The Proteas have won their third consecutive Test series in Australia, after thrashing Australia by an innings and 80 runs in Hobart on Tuesday.
Before the season started, languishing at No 7 in the Test rankings, the thought of the Proteas beating Australia Down Under seemed a near-impossible task. But this rejuvenated unit, led by Faf du Plessis, have not only done it inside two Tests, but they’ve embarrassed their opponents too.
It continues the momentum that the side gathered by securing the 5-0 ODI series whitewash back home, and while the Test series was always going to be a different prospect, the Proteas have been just as clinical in all facets of the game.
If the 177-run victory in Perth was a huge victory, then the one in Hobart was complete carnage, as Australia posted their lowest match run total since World War II.
It means Australia have now lost five Tests in a row, and it was the first time since 1988 that they’ve lost three consecutive home Test series against one side, when the great West Indies side enjoyed a spell of domination.
Now it’s the turn of the South Africans, following up from their successes in 2008 and 2012. The writing was on the wall from day one at the Bellerive Oval, as Australia were skittled for 85, their third-lowest total against the Proteas.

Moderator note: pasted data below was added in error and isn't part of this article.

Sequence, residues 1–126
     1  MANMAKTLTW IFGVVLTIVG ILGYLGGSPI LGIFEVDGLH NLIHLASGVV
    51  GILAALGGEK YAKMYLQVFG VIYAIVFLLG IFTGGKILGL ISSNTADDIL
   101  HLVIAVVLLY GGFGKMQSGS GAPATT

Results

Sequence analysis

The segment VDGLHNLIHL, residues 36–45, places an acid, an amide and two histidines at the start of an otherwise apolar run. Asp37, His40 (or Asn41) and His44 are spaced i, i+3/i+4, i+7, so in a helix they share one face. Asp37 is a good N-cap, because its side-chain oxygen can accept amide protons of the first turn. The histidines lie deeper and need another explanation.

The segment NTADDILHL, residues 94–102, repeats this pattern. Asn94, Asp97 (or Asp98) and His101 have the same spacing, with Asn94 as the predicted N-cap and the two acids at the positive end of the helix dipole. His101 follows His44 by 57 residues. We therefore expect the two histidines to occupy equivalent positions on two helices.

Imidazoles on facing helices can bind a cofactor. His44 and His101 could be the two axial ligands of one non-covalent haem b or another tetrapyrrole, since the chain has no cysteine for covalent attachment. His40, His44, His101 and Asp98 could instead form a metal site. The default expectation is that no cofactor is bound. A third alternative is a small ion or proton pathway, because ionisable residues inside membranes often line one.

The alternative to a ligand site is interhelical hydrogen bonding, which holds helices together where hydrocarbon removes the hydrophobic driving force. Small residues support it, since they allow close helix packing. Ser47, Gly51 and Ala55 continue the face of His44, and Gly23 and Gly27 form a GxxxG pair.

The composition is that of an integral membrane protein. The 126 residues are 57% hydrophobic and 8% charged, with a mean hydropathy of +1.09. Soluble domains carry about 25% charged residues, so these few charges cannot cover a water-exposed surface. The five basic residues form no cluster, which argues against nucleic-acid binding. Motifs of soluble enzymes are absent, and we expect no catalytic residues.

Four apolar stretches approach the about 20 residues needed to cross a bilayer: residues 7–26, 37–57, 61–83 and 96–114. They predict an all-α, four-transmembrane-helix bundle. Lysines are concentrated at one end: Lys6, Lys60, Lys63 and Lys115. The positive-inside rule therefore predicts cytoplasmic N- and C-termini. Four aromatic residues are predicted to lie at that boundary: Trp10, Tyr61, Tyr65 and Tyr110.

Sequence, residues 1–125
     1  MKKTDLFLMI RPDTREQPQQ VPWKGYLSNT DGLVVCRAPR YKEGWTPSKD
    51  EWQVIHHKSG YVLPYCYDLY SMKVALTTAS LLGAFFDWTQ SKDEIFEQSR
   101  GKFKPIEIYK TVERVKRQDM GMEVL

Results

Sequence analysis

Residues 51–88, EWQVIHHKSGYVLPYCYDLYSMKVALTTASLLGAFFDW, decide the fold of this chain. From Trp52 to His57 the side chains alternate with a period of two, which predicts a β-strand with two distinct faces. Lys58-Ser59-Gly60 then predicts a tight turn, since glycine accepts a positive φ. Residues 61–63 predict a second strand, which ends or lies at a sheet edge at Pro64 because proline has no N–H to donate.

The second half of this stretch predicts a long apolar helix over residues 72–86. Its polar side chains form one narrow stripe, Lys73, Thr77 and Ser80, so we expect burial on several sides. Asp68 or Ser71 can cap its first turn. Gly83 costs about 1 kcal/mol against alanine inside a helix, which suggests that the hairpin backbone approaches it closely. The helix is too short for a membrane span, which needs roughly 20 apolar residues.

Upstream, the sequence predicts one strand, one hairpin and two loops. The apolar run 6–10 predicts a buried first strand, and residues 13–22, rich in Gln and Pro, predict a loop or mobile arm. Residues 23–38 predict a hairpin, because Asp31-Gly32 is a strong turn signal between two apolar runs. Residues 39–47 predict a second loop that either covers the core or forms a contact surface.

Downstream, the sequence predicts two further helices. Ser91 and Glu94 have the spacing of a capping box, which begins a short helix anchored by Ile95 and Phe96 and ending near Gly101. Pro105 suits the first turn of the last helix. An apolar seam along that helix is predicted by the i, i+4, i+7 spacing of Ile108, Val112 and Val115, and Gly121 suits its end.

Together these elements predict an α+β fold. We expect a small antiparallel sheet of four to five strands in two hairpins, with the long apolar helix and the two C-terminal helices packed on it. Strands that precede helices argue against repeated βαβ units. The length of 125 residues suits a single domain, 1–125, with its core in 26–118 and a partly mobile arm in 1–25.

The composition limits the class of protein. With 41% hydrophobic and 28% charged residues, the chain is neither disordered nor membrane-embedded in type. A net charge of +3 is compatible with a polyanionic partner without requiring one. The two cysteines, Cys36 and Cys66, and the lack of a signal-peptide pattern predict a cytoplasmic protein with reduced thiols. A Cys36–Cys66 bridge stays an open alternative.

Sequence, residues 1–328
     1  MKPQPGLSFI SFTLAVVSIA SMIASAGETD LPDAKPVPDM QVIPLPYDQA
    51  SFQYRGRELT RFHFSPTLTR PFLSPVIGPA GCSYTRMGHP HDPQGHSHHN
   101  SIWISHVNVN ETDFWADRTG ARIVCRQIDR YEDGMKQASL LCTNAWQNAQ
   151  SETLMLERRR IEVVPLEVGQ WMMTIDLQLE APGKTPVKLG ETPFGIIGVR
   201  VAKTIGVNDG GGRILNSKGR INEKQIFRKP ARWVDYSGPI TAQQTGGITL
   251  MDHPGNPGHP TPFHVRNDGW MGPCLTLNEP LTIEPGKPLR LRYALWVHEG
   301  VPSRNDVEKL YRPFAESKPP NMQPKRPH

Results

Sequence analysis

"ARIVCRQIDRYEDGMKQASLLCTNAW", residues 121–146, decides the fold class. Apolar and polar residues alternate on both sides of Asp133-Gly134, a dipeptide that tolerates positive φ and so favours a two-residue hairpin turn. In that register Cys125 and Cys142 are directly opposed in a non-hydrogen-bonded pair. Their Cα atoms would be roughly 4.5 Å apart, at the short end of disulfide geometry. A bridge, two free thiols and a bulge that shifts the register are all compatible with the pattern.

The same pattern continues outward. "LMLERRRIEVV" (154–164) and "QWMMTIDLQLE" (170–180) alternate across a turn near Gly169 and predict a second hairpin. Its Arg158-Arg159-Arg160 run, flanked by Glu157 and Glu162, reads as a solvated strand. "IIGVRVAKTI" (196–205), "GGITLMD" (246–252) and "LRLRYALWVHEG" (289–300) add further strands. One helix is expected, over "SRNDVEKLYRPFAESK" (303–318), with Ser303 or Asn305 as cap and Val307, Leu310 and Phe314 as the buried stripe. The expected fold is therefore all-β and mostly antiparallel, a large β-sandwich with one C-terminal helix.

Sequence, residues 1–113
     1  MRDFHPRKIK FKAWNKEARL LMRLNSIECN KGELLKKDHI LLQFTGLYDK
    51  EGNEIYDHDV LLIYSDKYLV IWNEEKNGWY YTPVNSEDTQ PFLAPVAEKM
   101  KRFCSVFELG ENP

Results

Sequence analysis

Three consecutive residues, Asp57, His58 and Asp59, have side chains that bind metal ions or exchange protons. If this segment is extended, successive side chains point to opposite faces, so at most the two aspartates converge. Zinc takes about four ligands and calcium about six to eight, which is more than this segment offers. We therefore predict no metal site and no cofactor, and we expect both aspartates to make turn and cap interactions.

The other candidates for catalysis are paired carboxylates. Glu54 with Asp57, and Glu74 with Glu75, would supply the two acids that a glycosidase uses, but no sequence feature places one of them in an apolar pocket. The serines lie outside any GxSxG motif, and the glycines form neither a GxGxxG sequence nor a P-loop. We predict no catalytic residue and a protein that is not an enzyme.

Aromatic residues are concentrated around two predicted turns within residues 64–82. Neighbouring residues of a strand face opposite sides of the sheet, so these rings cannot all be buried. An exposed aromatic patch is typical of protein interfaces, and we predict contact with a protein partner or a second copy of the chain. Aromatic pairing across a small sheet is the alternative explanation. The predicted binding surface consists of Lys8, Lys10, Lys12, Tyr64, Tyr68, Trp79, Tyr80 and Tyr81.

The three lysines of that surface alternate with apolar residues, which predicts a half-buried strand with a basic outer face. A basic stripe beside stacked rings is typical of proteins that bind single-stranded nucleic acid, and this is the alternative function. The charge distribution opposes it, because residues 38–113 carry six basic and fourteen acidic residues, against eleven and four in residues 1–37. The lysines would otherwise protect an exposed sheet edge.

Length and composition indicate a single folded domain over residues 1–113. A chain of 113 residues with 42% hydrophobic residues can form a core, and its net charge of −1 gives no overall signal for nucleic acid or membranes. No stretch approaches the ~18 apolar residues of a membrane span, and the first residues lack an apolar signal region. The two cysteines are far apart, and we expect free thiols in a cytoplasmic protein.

Rain tried to get in the tourists’ way as day two was washed out, but, carrying on from their 171-5 at stumps on the first day, Quinton de Kock and Temba Bavuma continued the charge on day three with a record sixth-wicket stand for SA against Australia, as their 144-run stand got their side to 326 all out. De Kock cruised to a magnificent century, while Bavuma scored a solid 74.
The batsmen merely backed up the stars of the show – the bowlers. Vernon Philander’s 5-21 in the first innings set the tone, and Kyle Abbott and Kagiso Rabada continued the onslaught in Australia’s second innings.
Abbott has proved time and time again that he’s up for the challenge whenever he gets the nod, and he certainly didn’t disappoint once more. He took two vital wickets in the evening session on day three, and hit his straps straight away on Tuesday morning with two more quick scalps.
The execution to South Africa’s bowling plans were spot on from all three of Abbott, Philander and Rabada. The line and lengths were relentless, but the occasional short ball had the Australians not knowing whether to go back or forward, and it resulted in the removal of the majority of their batsmen.
Perhaps the best part about Abbott and Philander’s partnership was that Rabada was hardly needed up front, which allowed him to steam in and make a mockery of what was left. When he squared up Aussie captain Steve Smith for 31, it was his fourth wicket in just over six overs, and that all but signalled the end of the hosts’ fight.
Abbott picked up the last two wickets to bowl out Australia for just 161, to secure his third five-wicket haul, his first in Australia, and the Man of the Match award, for match figures of 9-118. No bowler has taken that many wickets in a Test in Hobart before.
The Proteas now have a week to soak up the glory and prepare for what will be another piece of history in South Africa’s cricketing books – their first-ever day-night Test in Adelaide.
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